Tag Archive | Rocky Mount

Reprieve for Jim Thorpe

Jim Thorpe (far right) receives his Olympic medals from the king of Sweden.

On October 13, 1982Jim Thorpe’s medals from the 1912 Olympics were reinstated.

The famed athlete, who lived from 1888 until 1953, was born in a cabin on an Indian reservation in Oklahoma and educated at Indian boarding schools nearby. In 1904, he enrolled at the U. S. Indian Industrial School in Carlisle, Pennsylvania. While at Carlisle, Thorpe was coached by Glenn “Pop” Warner, who added him to the track team. Recognizing his talent as an athlete, Warner suggested that Thorpe train for the 1912 Olympic Games.

In 1909, Thopre played semi-professional baseball in North Carolina for the Rocky Mount Railroaders and the Fayetteville Highlanders.

At the 1912 Olympics in Stockholm, Thorpe won gold medals in the newly-created multi-events, the pentathlon and the decathlon. Sweden’s King Gustav V called him “the greatest athlete in the world.” A year later, after word spread that Thorpe had played semipro baseball in North Carolina, he lost his amateur status and he was forced to return his Olympic medals.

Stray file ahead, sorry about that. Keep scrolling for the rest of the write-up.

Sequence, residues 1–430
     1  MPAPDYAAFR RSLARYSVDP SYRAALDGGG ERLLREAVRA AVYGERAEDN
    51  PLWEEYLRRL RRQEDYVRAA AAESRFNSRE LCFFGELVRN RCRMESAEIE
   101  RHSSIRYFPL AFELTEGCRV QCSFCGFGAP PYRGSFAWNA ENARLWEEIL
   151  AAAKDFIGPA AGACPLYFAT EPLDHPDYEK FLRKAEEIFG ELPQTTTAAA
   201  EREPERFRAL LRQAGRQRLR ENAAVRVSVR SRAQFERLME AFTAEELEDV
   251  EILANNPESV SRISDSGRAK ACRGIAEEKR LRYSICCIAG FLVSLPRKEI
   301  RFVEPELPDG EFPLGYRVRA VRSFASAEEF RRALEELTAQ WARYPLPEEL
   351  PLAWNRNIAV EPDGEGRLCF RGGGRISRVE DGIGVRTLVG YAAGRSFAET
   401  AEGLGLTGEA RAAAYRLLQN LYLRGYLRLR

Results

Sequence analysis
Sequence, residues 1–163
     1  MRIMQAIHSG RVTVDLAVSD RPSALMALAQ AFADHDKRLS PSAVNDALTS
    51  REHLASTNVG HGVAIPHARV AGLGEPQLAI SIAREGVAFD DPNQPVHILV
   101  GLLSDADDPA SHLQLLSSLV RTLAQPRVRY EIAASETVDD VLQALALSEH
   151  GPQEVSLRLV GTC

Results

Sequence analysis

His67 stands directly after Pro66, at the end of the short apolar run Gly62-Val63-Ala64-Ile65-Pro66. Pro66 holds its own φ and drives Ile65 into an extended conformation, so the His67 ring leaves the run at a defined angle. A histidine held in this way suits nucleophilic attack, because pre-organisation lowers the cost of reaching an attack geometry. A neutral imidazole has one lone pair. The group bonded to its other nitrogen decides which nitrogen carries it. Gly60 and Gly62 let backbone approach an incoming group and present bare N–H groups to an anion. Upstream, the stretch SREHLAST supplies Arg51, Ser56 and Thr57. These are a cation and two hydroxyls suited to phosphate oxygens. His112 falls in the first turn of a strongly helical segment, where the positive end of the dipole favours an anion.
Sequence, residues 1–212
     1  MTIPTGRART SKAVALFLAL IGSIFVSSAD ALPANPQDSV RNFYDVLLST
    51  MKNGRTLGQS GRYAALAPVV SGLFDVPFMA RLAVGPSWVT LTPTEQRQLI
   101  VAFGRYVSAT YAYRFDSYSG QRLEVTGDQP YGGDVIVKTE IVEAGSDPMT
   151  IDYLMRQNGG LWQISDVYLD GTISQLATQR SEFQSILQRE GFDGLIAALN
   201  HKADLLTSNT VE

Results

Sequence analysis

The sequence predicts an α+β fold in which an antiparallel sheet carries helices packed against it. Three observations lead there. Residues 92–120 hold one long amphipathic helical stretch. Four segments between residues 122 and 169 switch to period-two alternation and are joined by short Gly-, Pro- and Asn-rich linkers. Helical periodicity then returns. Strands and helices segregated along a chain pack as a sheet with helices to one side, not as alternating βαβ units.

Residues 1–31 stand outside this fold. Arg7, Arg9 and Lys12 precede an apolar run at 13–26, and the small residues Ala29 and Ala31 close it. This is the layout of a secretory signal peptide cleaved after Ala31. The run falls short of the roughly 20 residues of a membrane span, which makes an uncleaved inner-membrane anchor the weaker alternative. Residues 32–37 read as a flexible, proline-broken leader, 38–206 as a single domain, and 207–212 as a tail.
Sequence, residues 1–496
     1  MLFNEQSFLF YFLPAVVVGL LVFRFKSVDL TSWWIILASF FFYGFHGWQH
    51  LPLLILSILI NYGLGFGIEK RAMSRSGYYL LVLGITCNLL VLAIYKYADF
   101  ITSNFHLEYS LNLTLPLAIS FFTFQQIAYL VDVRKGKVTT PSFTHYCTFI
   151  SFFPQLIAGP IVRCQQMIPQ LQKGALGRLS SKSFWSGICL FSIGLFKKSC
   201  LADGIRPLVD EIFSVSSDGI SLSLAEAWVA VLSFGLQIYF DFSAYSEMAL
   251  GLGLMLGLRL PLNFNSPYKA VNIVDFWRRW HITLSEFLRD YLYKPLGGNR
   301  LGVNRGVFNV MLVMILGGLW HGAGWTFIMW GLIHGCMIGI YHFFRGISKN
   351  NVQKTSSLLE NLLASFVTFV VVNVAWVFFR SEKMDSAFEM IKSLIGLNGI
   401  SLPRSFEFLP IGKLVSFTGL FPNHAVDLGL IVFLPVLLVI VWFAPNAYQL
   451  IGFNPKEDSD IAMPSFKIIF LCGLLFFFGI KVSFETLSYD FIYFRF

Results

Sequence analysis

In 1982, nearly 30 years after his death, the International Olympic Committee voted unanimously to restore Thorpe’s medals.

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Kay Kyser:“C’mon Chillun! Le’s Dance!”

On July 23, 1985James “Kay” Kyser, popular radio personality and bandleader, died in Chapel Hill.

Born in Rocky Mount in 1905, Kyser attended UNC where he was an exuberant head cheerleader and the class president. Also known as the “Ol’ Professor of Swing,” Kyser became one of the wildest and most grandiose bandleaders of the swing era.

In the 1930s, Kyser toured with his band, Kyser’s Kollege of Musical Knowledge, through much of the Midwest. Over the next two decades, they garnered national attention and had 11 number-one hits. Although he never learned to play an instrument, Kyser was a top-notch entertainer and went on to star in over a dozen movies, co-starring with greats of the time like Lucille Ball and John Barrymore.